Mumbai: The Reserve Bank of India (RBI) said on Tuesday that banks should stop charging advance payment penalties on floating-rate home loans with immediate effect.
RBI had already warned banks not to levy foreclosure charges or pre-payment penalties on home loan customers in its monetary policy on 17 April. The deadline was set in a notification posted on its website on Tuesday.
The proposal to stop these charges was put forward by a panel headed by former capital market regulator chief M. Damodaran on customer service in banks. After the panel’s recommendations, many banks voluntarily withdrew the charges but some continued with the practice. The committee had observed that such charges are resented by home loan borrowers across the board since banks were found to be “hesitant in passing on the benefits of lower interest rates to the existing borrowers in a falling interest rate scenario”. Banks had earlier lobbied RBI for the continuation of these charges. In September last year, the Indian Banks’ Association (IBA) lobby group wrote to RBI arguing against the removal of advance payment charges, fearing mismatches in liquidity.
Banks usually charge 2-4% of the loan outstanding as early repayment charges from mortgage holders. The charges do not let a customer close the loan with the existing bank and move on to another bank that offers cheaper loans.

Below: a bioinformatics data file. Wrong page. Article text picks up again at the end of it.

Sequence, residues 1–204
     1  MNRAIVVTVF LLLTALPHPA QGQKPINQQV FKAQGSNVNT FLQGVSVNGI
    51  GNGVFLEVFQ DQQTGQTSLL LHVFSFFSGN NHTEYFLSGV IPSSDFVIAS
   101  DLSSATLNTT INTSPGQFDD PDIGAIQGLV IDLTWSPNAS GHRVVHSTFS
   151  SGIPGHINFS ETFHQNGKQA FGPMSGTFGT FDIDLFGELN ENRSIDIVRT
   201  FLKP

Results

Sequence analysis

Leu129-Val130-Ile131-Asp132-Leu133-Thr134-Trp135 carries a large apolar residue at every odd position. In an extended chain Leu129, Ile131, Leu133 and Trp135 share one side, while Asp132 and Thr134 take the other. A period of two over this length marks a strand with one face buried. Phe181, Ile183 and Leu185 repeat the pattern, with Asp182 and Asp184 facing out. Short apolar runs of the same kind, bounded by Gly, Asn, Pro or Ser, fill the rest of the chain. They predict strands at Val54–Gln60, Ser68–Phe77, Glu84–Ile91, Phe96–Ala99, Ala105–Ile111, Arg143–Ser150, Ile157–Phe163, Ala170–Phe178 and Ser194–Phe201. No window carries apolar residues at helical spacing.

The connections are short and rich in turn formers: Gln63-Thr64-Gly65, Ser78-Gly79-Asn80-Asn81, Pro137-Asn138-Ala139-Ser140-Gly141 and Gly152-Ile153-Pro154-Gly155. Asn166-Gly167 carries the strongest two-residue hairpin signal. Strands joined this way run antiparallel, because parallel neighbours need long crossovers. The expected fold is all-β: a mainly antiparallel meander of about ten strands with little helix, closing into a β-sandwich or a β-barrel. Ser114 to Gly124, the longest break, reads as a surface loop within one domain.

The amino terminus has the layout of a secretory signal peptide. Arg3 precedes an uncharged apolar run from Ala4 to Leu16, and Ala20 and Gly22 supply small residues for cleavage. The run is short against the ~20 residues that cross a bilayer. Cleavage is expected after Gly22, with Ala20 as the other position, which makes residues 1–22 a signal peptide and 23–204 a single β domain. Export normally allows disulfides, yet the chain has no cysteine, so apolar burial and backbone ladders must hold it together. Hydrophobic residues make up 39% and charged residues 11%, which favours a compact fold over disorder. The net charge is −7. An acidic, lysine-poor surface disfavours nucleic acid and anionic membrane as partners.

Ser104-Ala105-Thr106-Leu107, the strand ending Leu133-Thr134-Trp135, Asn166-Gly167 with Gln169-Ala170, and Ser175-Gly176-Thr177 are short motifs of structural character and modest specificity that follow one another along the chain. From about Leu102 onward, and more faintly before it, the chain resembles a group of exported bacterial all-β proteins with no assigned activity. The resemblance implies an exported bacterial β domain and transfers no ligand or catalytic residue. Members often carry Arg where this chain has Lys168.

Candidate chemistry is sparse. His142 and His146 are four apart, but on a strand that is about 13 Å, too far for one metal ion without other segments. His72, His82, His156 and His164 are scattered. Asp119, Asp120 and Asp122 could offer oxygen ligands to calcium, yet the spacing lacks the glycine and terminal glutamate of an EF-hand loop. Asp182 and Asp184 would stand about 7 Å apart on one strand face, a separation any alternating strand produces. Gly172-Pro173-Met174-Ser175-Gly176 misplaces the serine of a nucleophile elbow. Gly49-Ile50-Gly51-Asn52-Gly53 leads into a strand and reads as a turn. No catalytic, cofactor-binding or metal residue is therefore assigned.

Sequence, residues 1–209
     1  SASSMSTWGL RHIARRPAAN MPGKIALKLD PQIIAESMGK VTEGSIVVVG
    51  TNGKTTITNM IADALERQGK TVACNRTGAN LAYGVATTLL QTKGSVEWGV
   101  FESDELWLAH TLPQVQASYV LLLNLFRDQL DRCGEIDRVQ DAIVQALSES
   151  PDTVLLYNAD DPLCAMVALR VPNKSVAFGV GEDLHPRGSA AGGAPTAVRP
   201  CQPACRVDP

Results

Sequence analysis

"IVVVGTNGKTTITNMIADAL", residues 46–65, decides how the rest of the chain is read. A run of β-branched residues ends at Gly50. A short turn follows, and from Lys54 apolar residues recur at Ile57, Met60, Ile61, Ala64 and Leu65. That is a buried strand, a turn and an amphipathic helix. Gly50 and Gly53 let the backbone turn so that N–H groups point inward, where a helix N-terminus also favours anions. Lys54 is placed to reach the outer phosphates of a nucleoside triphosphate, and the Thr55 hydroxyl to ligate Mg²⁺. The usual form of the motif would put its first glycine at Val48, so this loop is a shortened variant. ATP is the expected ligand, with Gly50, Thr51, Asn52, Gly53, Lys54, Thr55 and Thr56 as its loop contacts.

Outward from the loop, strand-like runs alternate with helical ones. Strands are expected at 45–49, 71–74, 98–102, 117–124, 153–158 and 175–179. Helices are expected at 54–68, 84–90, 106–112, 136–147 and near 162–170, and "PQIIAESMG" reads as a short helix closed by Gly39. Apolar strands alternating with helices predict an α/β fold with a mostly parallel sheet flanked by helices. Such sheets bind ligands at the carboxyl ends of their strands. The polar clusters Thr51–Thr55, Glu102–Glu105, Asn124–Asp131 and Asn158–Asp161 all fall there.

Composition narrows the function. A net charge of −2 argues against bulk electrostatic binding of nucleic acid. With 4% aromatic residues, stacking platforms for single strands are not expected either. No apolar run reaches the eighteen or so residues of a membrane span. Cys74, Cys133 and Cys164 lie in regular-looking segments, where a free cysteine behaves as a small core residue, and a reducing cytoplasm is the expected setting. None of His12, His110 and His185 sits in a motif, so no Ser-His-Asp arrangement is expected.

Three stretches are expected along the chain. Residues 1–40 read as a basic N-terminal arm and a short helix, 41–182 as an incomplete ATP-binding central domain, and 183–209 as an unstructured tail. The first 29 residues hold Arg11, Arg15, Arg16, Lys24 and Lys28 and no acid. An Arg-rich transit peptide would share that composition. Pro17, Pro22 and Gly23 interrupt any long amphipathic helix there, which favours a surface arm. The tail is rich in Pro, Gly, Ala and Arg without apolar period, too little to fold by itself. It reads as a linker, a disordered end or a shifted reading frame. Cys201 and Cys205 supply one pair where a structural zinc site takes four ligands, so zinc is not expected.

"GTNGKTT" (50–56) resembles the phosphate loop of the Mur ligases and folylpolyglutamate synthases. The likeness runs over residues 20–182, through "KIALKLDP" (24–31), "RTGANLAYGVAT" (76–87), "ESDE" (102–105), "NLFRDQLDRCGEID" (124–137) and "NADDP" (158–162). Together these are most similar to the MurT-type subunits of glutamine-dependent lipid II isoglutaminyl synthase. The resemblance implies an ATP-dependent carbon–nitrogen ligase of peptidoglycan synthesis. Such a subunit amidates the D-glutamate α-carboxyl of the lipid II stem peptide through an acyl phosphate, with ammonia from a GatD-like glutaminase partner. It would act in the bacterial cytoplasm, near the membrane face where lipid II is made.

The waiver of the advance payment penalty will help customers in that effort. Such charges are not a hindrance for fixed-home loan customers as they know their monthly instalment already and these don’t fluctuate with interest rate changes. However, banks are reluctant to offer fixed-rate loans to customers because of the possibility of mismatches in their assets and liabilities when the interest rate fluctuates. Hence, at least 95% of home loans bear a floating rate of interest, RBI data show.
“The removal of foreclosure charges/prepayment penalty on home loans will lead to reduction in the discrimination between existing and new borrowers and competition among banks will result in finer pricing of the floating rate home loans,” the RBI notification said.
“It’s a step in the right direction but RBI has to clarify whether people who took dual-rate loans and shifted from a fixed to a floating rate will have to pay a penalty. NHB (National Housing Bank) in a notification some weeks back had clarified that a penalty will be charged for such dual loans and if RBI also says the same thing then it will be a step backwards,” said Harsh Roongta, founder and CEO, Apna Paisa, a personal finance website. NHB is the regulator for housing finance companies.